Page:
MR GERARD Ee is a man who wears many hats. At last count, the veteran head honcho has been president, chairman or director of more than 30 organisations and boards over the past 35 years.
Public Transport Council (PTC)? Check. National Council of Social Service? Check. Changi General Hospital? Check. Council for Third Age? Check. National Kidney Foundation (NKF)? Check. SIM University Board of Trustees? Check. Almost all these positions are voluntary.
Never one to shy away from sensitive issues, the affable 65-year-old retired accountant now heads six organisations dealing in areas ranging from health to education to accountancy.
In March, he became chairman of the Charity Council, which promotes good governance among charities here.
"You work hard to pursue success during your younger days but, at some stage of your life, you then switch from the pursuit of success to the pursuit of significance so as to make a difference in people's lives," said Mr Ee, who retired as a partner of accounting firm Ernst & Young in 2005.
He believes good governance holds the key to the growth of the non-profit sector. "There are so many more charities nowadays and, at the end of the day, the one that practises transparency and has credibility is the one that is going to be sustainable."
Yet he knows that convincing charities to embrace practices such as publishing financial records online so donors can make informed decisions is an uphill task.
Some outfits, especially the smaller ones which may lack the resources to do meticulous accounting and documentation, find such practices a "distraction" from their main task of helping the needy and vulnerable.
This is where Mr Ee hopes his previous experience in communicating controversial or unpopular decisions will come in handy.
Ten years ago, he was tasked with restoring public confidence in the troubled NKF after a public outcry over the pay cheque of its then chief executive T. T. Durai, his perks and a lack of transparency in the organisation.
About 50,000 donors stopped their monthly donations in the second half of that year and Mr Ee had the unenviable job of convincing them to continue believing in the organisation and its cause.
As chairman of the PTC for 10 years, he had to persuade commuters that the council had their interests at heart by keeping fares low while ensuring the long-term viability of the public transport operators.
When he headed the ministerial pay review committee in 2011, he had to make recommendations that addressed public unhappiness over high ministerial pay and yet ensure the pay remained attractive in retaining talent in the public service.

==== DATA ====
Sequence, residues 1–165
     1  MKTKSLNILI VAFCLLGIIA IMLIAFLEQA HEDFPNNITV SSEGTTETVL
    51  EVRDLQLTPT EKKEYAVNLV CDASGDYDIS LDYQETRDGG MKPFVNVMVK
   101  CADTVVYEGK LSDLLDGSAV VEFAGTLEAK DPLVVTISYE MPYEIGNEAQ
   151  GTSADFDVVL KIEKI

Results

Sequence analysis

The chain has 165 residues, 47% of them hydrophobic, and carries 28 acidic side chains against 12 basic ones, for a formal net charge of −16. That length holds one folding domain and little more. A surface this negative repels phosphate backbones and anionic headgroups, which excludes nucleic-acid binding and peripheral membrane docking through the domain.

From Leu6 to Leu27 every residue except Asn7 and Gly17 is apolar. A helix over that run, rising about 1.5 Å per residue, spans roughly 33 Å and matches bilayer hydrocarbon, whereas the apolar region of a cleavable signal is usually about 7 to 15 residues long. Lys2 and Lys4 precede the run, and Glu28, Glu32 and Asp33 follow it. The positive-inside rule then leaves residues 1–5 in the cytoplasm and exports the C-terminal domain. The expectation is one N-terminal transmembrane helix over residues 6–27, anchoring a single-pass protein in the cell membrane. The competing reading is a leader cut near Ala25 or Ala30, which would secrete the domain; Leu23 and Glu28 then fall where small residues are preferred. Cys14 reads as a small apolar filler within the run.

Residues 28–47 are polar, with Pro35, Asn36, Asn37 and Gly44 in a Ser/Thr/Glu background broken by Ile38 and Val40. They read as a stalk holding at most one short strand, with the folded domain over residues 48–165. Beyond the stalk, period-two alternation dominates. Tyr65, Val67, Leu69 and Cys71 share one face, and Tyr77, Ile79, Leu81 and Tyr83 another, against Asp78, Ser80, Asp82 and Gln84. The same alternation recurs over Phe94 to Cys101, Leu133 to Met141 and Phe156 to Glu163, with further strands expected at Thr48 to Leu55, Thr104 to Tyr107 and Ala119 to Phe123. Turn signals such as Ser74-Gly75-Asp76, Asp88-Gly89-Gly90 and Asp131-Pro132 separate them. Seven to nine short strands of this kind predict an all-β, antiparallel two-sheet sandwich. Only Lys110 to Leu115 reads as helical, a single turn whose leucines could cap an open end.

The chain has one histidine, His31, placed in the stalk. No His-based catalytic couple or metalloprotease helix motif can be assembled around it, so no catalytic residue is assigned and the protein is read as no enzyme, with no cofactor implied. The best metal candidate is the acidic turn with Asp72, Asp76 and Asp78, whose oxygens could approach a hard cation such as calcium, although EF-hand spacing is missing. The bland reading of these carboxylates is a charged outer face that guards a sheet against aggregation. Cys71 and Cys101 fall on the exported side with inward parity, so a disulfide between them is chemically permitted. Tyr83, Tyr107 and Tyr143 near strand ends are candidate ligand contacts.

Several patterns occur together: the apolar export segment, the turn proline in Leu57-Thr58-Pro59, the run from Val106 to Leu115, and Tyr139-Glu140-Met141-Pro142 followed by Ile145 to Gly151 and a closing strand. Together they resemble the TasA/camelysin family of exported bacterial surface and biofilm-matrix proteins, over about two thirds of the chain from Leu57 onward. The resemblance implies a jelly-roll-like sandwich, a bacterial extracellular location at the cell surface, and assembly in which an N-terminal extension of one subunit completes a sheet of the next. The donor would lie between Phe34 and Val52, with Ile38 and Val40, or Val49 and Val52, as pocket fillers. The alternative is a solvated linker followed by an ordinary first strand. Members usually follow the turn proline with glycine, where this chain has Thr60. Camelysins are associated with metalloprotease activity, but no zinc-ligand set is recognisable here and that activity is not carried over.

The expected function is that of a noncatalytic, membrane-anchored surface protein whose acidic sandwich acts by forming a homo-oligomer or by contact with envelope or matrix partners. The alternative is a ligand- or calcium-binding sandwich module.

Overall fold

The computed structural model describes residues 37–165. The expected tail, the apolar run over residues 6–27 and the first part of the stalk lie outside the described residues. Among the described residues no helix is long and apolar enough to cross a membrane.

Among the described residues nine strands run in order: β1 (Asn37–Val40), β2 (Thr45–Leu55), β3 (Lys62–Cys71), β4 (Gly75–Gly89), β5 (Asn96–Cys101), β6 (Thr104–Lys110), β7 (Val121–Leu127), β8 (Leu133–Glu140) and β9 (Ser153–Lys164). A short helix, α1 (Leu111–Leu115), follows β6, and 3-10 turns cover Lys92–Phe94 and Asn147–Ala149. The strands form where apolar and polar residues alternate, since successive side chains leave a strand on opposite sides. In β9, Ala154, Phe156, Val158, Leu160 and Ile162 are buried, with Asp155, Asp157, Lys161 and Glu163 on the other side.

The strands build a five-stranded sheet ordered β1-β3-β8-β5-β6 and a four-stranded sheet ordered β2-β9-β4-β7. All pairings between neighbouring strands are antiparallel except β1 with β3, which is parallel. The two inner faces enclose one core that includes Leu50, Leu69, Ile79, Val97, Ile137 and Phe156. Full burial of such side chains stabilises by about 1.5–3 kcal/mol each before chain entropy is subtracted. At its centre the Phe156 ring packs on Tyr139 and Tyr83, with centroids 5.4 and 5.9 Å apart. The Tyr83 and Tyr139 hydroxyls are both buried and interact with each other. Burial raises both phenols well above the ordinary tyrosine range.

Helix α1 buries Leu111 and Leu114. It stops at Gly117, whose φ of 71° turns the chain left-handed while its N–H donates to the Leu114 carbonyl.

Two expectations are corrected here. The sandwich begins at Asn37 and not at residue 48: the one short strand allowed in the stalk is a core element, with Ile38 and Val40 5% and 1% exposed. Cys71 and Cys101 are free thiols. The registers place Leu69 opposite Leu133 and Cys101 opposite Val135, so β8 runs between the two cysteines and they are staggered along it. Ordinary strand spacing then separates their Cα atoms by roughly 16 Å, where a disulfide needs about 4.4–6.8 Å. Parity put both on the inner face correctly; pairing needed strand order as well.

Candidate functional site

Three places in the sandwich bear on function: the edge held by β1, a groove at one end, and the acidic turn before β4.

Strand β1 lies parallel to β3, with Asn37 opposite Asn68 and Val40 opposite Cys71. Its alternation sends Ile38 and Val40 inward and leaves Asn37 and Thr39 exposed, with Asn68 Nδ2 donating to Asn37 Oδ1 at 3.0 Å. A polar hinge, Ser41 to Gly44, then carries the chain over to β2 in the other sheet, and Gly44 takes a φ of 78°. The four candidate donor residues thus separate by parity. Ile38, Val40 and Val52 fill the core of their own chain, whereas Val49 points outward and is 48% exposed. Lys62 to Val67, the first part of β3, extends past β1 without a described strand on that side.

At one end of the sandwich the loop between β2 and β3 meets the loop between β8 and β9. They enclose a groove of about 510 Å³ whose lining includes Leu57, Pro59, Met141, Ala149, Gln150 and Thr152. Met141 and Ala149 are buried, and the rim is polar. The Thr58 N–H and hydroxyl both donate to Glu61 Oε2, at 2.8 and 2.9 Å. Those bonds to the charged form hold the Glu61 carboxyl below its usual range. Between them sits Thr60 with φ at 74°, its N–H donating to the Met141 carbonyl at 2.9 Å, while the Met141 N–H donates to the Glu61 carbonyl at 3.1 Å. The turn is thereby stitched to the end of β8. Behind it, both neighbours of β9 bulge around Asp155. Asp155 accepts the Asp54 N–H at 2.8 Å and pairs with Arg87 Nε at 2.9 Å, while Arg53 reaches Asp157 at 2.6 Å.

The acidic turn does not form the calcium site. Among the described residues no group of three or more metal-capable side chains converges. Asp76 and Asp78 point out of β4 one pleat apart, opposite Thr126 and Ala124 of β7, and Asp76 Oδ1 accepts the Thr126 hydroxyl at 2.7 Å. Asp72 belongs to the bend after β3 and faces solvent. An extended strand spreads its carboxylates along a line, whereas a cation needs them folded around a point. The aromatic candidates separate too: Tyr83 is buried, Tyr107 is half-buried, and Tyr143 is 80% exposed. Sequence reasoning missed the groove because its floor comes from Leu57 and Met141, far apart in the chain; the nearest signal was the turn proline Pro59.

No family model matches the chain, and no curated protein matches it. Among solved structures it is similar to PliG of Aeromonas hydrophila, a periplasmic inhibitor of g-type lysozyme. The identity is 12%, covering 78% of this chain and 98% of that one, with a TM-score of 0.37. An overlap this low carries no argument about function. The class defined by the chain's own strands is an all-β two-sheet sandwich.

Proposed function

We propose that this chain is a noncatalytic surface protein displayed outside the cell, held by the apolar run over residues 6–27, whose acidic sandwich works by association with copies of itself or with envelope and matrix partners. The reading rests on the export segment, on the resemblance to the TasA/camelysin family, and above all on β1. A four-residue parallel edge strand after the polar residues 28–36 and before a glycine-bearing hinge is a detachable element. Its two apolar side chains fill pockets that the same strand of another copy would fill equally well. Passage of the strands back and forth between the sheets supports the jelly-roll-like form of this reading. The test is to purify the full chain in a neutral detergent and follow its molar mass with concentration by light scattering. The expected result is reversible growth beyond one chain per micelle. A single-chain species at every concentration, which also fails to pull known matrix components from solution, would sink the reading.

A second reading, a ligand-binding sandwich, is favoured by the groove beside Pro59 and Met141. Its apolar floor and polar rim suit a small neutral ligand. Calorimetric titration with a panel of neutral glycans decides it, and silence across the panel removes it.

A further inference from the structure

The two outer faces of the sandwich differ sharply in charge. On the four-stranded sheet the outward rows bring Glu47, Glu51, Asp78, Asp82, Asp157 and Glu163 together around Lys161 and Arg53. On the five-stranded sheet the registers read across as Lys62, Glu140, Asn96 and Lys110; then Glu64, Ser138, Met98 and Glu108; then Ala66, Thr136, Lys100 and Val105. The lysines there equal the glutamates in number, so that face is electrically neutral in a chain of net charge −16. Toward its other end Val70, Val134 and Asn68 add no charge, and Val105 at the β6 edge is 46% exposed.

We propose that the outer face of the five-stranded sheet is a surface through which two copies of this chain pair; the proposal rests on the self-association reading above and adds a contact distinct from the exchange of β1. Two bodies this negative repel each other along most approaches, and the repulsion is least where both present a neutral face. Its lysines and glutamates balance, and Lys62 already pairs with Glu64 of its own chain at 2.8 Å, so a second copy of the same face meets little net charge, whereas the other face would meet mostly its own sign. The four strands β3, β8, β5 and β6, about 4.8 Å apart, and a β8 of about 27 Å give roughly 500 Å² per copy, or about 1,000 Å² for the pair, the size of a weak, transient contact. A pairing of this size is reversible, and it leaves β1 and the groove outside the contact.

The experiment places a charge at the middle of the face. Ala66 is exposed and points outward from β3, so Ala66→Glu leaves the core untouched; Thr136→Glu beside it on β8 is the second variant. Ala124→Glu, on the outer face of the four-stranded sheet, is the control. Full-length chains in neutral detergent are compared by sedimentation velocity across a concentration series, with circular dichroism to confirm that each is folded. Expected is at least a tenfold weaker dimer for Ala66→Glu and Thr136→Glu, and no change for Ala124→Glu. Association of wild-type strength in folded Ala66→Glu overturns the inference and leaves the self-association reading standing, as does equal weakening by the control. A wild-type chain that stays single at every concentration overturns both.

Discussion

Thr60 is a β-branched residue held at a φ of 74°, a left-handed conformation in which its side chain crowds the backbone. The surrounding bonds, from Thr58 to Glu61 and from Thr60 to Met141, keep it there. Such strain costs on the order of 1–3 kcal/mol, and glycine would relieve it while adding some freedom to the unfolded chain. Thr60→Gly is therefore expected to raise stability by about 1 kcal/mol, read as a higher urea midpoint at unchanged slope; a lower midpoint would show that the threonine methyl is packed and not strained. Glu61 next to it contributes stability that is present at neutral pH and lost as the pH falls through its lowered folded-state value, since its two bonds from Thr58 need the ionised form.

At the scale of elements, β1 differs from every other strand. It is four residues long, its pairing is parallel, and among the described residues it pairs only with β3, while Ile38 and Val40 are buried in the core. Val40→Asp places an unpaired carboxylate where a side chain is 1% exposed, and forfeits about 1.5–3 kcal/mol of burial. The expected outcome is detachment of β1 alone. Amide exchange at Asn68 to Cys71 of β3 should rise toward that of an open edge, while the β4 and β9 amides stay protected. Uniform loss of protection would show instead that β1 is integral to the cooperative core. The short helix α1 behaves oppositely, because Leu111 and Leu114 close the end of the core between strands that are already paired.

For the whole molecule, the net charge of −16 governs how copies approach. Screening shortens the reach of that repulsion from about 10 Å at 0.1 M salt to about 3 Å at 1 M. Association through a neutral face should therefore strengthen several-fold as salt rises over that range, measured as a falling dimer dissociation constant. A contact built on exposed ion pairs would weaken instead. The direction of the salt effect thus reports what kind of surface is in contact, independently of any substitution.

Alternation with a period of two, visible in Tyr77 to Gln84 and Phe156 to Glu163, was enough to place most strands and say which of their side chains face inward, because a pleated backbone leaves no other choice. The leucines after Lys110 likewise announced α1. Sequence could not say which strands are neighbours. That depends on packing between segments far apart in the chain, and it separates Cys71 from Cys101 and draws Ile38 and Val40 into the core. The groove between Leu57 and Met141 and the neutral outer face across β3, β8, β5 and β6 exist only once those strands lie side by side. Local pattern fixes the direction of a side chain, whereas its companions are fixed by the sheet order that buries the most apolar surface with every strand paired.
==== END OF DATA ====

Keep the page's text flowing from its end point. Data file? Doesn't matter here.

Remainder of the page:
"One common thread in all this is the challenge of achieving successful communication," said Mr Ee.
"This is crucial especially for the charity sector, where you are talking about people with passion to do what they want to do and here you are telling them that that's not good enough and you need all these other practices."
One strategy he plans to use is to open communication and information channels between donors and charities.
Next month, the Charity Council will launch a new system that gives the transparency ratings of charities. Charities will be assessed in nine areas, ranging from fund raising to board governance to financial controls.
The ratings will help donors decide which charity to give to and help create more public support and confidence.
Transparency awards will be given to charities that excel in these areas next year.
"You also have to convince donors, especially the foundations and big donors, not to give blindly and to be informed donors, and that will drive charities to start implementing all the practices to get a share of the pie," said Mr Ee.
He did not start out caring so much. He had started out as a "bo chup (uninterested)" young man in his 20s who had only cars, money and girls on his mind. But he gradually became more and more involved in community work. Part of the change was due to his father's influence.
The late Dr Ee Peng Liang - better known as Singapore's Father of Charity - often took his youngest son out of their comfortable home by the sea in Katong to meet the less fortunate.
Mr Ee recalled a time when his father asked him to join some children with physical disabilities on an outing to the then Van Kleef Aquarium at Fort Canning Hill. The slope was steep and Mr Ee, then 13, volunteered to carry some children who had polio up the hill.
"I hemmed and hawed when a child asked me if he would be able to walk like me one day, because I knew that was not possible," said Mr Ee.
The initial awkwardness soon faded. Mr Ee went on to push for buildings to be made accessible to people with disabilities and founded Bizlink Centre, which champions their employment.
He also headed the Toa Payoh Girls' Home and the Boys' Complex and pioneered respite care services with the then Assisi Home and Hospice.
And he is in a hurry to do more.
This sense of urgency came after a cancer scare in 2007, when he came down with Stage 3 colon cancer. The surgery involved removing a part of his small intestine, over half a metre of his large intestine and his appendix.
Yet within two weeks of the operation, he was back to performing a host of his volunteer commitments.
At 65, he is the fittest he has been in his life, having dropped 20kg and cut down on his chain- smoking habit.
"It gives me that greater sense of urgency in wanting to make a difference until I drop dead," said Mr Ee, who is married with two children who are studying in tertiary institutions. "My time could be up any time."
This article was first published on May 18, 2015.
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